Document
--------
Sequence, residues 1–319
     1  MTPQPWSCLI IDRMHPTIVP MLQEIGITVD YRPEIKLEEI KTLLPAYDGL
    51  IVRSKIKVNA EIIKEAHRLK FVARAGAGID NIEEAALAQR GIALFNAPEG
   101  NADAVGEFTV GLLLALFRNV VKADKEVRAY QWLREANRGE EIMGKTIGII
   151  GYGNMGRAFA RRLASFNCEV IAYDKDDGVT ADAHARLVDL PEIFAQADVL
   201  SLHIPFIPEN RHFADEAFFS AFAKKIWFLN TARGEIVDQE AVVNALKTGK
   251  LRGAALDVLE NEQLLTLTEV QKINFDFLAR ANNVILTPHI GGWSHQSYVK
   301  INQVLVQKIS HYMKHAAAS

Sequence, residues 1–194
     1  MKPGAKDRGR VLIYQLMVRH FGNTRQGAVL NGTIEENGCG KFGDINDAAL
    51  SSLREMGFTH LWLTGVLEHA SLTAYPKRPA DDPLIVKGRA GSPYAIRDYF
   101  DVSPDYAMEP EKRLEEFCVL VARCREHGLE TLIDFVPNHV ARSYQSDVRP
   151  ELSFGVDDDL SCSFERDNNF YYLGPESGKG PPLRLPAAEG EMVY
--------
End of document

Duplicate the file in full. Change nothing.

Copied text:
Sequence, residues 1–319
     1  MTPQPWSCLI IDRMHPTIVP MLQEIGITVD YRPEIKLEEI KTLLPAYDGL
    51  IVRSKIKVNA EIIKEAHRLK FVARAGAGID NIEEAALAQR GIALFNAPEG
   101  NADAVGEFTV GLLLALFRNV VKADKEVRAY QWLREANRGE EIMGKTIGII
   151  GYGNMGRAFA RRLASFNCEV IAYDKDDGVT ADAHARLVDL PEIFAQADVL
   201  SLHIPFIPEN RHFADEAFFS AFAKKIWFLN TARGEIVDQE AVVNALKTGK
   251  LRGAALDVLE NEQLLTLTEV QKINFDFLAR ANNVILTPHI GGWSHQSYVK
   301  INQVLVQKIS HYMKHAAAS

Sequence, residues 1–194
     1  MKPGAKDRGR VLIYQLMVRH FGNTRQGAVL NGTIEENGCG KFGDINDAAL
    51  SSLREMGFTH LWLTGVLEHA SLTAYPKRPA DDPLIVKGRA GSPYAIRDYF
   101  DVSPDYAMEP EKRLEEFCVL VARCREHGLE TLIDFVPNHV ARSYQSDVRP
   151  ELSFGVDDDL SCSFERDNNF YYLGPESGKG PPLRLPAAEG EMVY